We understand investing can be extremely daunting for beginners.
That’s why we have this “What Is…?” series to break down complex investing terms for people who are just starting out in the stock market.
Right now, let’s explore what the term “price-to-earnings ratio” means.
So, What Is Price-to-Earnings Ratio?
Price-to-earnings (P/E) ratio is a common valuation metric to measure the value of a company for each dollar of profit earned.
In other words, it determines if a stock is cheap or expensive.
A company with a stock price of S$1 may not necessarily be more expensive than another company with a stock price of S$0.50.
This is because a company’s share price doesn’t tell us about the company’s value.
To have an apple-to-apple comparison of companies with different share prices, we can use the price-to-earnings (PE) ratio.
With a company’s P/E ratio determined, investors can then compare it with its average P/E ratio of the past or with other companies in the same industry to determine whether a stock is fairly valued, undervalued or overvalued.
P/E Ratio Formula
The P/E ratio is calculated by taking a company’s stock price divided by its earnings per share (EPS).
P/E Ratio= Stock Price / EPS
The EPS can come in two main forms.
If the EPS takes into account the last 12 months data, this P/E ratio is known as the “trailing P/E”.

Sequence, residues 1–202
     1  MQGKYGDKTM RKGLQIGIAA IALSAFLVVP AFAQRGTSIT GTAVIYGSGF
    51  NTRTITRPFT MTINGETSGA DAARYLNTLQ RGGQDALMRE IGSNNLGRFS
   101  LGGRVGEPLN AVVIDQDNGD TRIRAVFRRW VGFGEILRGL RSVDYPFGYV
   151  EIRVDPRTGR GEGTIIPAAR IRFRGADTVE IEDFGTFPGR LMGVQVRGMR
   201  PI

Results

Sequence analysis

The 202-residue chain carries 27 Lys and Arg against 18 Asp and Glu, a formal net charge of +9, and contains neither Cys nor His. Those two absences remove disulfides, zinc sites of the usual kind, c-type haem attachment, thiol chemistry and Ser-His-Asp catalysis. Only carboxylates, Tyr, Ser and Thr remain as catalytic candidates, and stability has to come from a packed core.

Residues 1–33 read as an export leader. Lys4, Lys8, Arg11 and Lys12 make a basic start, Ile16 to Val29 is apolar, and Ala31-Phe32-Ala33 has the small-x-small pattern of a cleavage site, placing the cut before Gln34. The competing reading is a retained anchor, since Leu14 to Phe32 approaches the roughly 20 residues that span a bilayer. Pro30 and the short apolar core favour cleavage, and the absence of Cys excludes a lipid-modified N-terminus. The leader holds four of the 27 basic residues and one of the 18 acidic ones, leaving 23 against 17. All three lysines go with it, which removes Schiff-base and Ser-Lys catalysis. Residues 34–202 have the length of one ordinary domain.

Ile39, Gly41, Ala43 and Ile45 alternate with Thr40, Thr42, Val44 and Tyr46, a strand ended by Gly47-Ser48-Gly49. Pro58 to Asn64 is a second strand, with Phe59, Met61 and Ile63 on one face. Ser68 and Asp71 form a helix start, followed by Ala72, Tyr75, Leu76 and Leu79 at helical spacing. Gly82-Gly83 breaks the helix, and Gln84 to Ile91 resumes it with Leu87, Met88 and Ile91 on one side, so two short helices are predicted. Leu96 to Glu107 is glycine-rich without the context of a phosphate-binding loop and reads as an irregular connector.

The trailing P/E ratio is the most common type of P/E ratio.
On the other hand, if the EPS is projected 12 months into the future, the P/E ratio is known as a “forward P/E”.
Calculating P/E Ratio of a Listed Company
Here, let’s use SATS Ltd’s (SGX: S58) latest financial results released last week to understand how to calculate its P/E ratio.
For the full year ended 31 March 2020 (FY19-20), SATS had an EPS of 15.1 cents.
With a closing share price of S$2.88 on Friday, SATS’ trailing P/E ratio was 19.1 (S$2.88/S$0.151).
We can then compare SATS’ P/E ratio with history or with its listed peers to determine if it’s expensive.
If SATS’ historical average P/E is below 19, it could mean it’s undervalued and vice versa.
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Disclaimer: The information provided by Seedly serves as an educational piece and is not intended to be personalised investment advice. Readers should always do their own due diligence and consider their financial goals before investing in any stock. The writer may have a vested interest in the company mentioned.